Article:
Students Run LA sees theft of 500 pairs of shoes

It was bad enough when Christine Pajak noticed that the locks on trash cans containing her organization’s most important possessions – children’s jogging shoes – were tattered. She looked inside and saw that hundreds of shoes donated to Students Run LA were gone.

Two days later it was even worse. Despite increased security, she found a large hole cut in the gate protecting her trash cans. Someone struck again boldly at their headquarters in a school in Tarzana. It was a wipeout — 500 pairs of running shoes meant to be given away to kids who can’t afford to buy them were gone — jeopardizing the coming season for the 30-year-old nonprofit that teaches kids at 185 schools how to become a runner and embrace physical fitness.

“I just couldn’t believe it,” said Pajak. “I couldn’t believe that even after all those steps, they came back and decided to take even more than the first time.”

These shoes are more than just material goods. They are necessary for the students who work with the organization’s coaches most of the year to prepare for the Los Angeles Marathon. Since its inception in 1989, Students Run LA has trained more than 75,000 students to participate, providing shoes, uniforms, transportation and bringing coaches to their schools.

Andrea Jimenez, a Students Run LA graduate who graduated in 2020, is now working on her social media and community engagement. She said the importance of the supplies being made available to these students could not be overstated. Before joining Students Run LA, she ran in hiking boots.

“Most schools are low income and coming from a low income family myself I was really grateful for all the resources they actually gave me like transportation, uniforms because I wouldn’t have had access to all of that things,” she said.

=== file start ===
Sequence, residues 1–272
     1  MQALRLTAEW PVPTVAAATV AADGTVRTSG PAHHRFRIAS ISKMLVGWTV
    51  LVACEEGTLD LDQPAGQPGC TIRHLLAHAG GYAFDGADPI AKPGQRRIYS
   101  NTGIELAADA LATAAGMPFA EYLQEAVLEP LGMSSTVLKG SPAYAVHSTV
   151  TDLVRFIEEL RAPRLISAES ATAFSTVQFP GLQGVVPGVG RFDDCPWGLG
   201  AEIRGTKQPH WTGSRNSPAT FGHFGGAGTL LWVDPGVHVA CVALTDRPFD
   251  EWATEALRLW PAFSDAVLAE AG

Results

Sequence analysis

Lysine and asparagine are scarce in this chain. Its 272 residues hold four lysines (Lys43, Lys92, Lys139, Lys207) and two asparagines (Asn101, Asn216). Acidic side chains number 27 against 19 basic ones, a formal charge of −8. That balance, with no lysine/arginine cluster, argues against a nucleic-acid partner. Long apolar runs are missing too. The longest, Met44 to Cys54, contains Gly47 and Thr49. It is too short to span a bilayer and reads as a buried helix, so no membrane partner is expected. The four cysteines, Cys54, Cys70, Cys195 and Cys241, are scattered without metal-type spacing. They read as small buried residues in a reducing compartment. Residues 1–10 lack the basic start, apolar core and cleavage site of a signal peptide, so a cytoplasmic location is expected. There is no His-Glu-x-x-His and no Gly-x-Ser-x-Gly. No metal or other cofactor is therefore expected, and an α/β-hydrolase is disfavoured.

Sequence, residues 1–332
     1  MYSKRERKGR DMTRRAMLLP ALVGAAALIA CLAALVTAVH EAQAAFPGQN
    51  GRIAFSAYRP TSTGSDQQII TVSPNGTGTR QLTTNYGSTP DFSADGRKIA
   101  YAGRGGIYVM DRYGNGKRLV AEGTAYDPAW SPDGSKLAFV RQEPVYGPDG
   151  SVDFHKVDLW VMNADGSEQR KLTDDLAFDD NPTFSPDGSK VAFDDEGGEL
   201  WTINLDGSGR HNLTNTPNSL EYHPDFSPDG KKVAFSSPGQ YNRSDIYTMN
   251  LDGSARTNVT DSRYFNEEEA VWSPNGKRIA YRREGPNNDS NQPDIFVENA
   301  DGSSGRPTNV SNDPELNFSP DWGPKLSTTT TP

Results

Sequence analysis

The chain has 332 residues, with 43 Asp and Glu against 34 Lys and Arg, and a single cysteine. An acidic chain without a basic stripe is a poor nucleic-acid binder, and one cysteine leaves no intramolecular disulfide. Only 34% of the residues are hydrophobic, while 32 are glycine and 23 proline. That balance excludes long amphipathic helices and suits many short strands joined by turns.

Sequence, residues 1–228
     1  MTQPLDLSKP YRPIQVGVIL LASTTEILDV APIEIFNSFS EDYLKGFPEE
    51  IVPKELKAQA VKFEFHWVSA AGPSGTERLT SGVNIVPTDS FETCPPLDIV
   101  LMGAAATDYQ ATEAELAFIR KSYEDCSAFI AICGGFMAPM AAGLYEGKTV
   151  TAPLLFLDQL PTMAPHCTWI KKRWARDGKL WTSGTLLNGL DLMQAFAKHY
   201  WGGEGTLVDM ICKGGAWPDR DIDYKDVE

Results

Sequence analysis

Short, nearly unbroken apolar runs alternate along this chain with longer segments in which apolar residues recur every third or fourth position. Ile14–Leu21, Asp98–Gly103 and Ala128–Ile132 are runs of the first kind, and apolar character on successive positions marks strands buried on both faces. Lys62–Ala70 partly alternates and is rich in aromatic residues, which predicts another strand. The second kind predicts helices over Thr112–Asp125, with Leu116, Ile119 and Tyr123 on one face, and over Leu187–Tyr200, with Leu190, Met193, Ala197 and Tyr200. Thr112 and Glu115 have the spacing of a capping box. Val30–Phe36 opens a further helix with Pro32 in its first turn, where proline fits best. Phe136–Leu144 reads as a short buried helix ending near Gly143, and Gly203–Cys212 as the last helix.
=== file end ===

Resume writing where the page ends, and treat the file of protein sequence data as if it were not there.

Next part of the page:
This theft has set back Students Run LA’s operations – not only do they need to replace shoes, but they are also looking for a new and safer place to store supplies.

“We now feel that it has been compromised,” said Executive Director Marsha Charney. “That cost us a lot of attention.”

Los Angeles School Police Department Officer Luis Castañeda responded to both incidents and said an investigation was ongoing. Although common sense tells him the same person was involved in both burglaries, police aren’t sure.

“Either someone had information about what was in those containers, or someone was out fishing and just found what they wanted,” Castañeda said.

During the school closures enforced by the pandemic, Students Run LA continued on Zoom. Charney said they expect many more participants in the coming season as training has switched back to personal training – a bad time for a major loss of material.

Charney hopes the organization’s partnership with Nike will help replenish shoe supplies. However, she says the theft has taken more than just a financial toll on the organization, it has also taken a spiritual one – and impacted her sense of security.

“Since we started, we’ve known that for many kids, the shoes they get in December are the only shoes they wear,” Charney said. “It would be terrible if that were taken away.”

Eduardo Rebollar, a member of Bell High School’s Students Run LA chapter, said he joined after the pandemic severely impacted his mental health. He recalls the excitement of getting his Nikes, just his second pair of running shoes, last December and how it boosted his confidence to run the marathon. He and his classmates from Bell High SRLA loved the club so much that they decided to get together over the summer, even though the season doesn’t start until August.

“I didn’t want to go through these mental health issues anymore, so SRLA motivated me and made me meet new friends and meet new people,” he said.

Lizbeth Sanchez is one of Eduardo’s classmates and this year will be her fourth marathon with SRLA. When she started, she says, she could barely walk a mile. But with the resources and support of her coaches, she slowly built the confidence to make it to the end.

“SRLA really offers something,” she said. “And it shows that it’s a family, not just people running.” Students Run LA sees theft of 500 pairs of shoes

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